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Characterised By Intimidation And Voter Apathy
Tendai Biti has complained of
abduction and intimidation
Movement for Democratic
Change Secretary General Tendai Biti has complained of abduction and
intimidation on the day Zimbabweans were expected to decide the fate of the
draft constitution (see audio clips below).
Speaking to the media at
Harvest House, Biti said Samson Magumise an MDC-T activists from Headlands was
abducted at gun point in the early hours.
Magumise was picked up by
three unknown men and a woman driving a white truck ABG 7038.
Biti reported of more cases
of arrest and intimidation in Mbare, Headlands, Kariba and
He added that voters in
Hurungwe, Chakari, Muzvezve and Zvimba North were being asked to submit their
names to known Zanu PF supporters.
Meanwhile the referendum was
largely characterised by voter apathy as voters ignored appeals by political
leaders in the government of national unity to go and vote for the new
Not a very busy day at the
Few people could be seen at
polling stations in Harare with Zimbabweans opting to stay at
Some people who did not vote
complained of lack of information.
Voters were not given enough
copies of the draft constitution and there were no indications leading to
polling stations in certain areas.
Some voters who were eager to
vote had to ask for directions to polling stations of their
Some voters expressed
confusion as they expected to see party logos on the ballot
Meanwhile President Mugabe
accompanied by his wife Grace and daughter Bona voted at Mhofu government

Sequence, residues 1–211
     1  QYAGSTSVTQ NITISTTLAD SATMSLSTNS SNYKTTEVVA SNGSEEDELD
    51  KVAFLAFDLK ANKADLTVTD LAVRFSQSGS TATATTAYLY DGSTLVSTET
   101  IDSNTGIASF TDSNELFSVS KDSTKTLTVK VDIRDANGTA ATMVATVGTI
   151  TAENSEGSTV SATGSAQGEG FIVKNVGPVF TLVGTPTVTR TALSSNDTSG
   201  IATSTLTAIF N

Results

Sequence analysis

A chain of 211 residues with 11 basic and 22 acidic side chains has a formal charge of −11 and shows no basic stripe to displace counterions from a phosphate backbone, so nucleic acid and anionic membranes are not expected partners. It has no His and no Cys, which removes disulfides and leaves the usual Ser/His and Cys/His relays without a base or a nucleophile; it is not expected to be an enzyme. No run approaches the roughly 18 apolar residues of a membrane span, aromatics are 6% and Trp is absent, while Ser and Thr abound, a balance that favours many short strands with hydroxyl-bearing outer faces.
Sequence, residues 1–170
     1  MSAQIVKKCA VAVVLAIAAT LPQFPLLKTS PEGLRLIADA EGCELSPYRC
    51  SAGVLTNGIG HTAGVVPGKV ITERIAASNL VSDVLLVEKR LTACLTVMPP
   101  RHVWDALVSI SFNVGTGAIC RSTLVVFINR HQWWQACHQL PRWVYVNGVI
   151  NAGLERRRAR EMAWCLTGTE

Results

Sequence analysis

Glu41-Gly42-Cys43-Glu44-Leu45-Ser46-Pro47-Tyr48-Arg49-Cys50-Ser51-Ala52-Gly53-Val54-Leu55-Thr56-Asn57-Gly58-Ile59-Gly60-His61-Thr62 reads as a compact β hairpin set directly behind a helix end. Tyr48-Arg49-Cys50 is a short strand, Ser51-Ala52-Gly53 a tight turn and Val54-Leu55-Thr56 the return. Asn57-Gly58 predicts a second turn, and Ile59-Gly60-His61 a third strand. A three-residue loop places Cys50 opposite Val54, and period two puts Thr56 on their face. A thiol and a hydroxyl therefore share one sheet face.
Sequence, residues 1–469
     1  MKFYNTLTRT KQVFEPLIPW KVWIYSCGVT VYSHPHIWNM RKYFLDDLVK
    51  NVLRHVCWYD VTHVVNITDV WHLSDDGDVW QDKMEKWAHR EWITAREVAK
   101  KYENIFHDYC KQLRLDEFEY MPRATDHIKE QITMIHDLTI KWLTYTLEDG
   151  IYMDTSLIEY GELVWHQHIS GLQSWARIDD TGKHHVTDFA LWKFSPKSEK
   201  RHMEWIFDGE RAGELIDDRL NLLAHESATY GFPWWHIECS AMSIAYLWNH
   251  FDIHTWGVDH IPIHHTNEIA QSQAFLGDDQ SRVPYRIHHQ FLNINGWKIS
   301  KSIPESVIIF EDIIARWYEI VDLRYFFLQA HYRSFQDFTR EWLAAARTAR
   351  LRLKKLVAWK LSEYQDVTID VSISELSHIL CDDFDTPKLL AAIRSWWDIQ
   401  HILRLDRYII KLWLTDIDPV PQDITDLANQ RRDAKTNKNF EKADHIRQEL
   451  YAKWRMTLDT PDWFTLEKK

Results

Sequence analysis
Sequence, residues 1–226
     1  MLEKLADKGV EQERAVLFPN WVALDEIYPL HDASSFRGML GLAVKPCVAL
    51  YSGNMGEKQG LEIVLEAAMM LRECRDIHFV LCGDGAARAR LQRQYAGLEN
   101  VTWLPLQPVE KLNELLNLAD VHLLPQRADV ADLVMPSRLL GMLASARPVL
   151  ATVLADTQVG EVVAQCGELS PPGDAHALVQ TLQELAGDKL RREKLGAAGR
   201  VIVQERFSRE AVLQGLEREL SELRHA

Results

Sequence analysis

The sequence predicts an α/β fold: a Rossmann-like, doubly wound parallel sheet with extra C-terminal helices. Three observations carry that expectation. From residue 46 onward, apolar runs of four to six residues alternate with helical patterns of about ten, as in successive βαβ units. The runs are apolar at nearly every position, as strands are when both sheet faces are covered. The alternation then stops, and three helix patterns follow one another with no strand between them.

primary school in Highfields.
He attacked the west soon
after casting his vote.
Asked why there were no
foreign observers, Mugabe responded “The Europeans and the Americans have
imposed sanctions on us, and we keep them out in the same way they keep us
Tsvangirai and his wife
Elizabeth cast their votes in the referendum on the new Constitution at
Chaminuka Primary School in St Marys, Chitungwiza.
Addressing journalists soon
after casting his vote, Tsvangirai said by voting in the referendum the people
of Zimbabwe will have taken one of the most historic steps since the
constitutional movement was formed.
“This is a journey that we
have travelled. Those who have lost their lives will rest in peace because this
is an important stage that we have been fighting for,” said
kidnapping mars Zimbabwe constitution vote
Sapa-AFP | 16 March, 2013
Gunmen abducted an ally of Zimbabwean Prime Minister Morgan
Saturday, his party said, as the country voted on a new
seething political tensions.
Samson Magumura, a
regional official from Tsvangirai's Movement for
Democratic Change, was
seized at his home southeast of Harare shortly before
dawn, according to
party spokesman Douglas Mwonzora.
"Our district secretary for Headlands
was kidnapped this morning. He was
taken from his home by armed people,"
Mwonzora told AFP.
Magumura's whereabouts remain unknown.
suggested his assailants, four armed men driving a white four wheel
where linked to President Robert Mugabe's ZANU-PF party.
The gunmen also
seized a telephone from Magumura's wife during the attack,
The incident came as polls opened in a key referendum on a new
that would curb 89-year-old Mugabe's powers and pave the way
The text is supported by both Mugabe and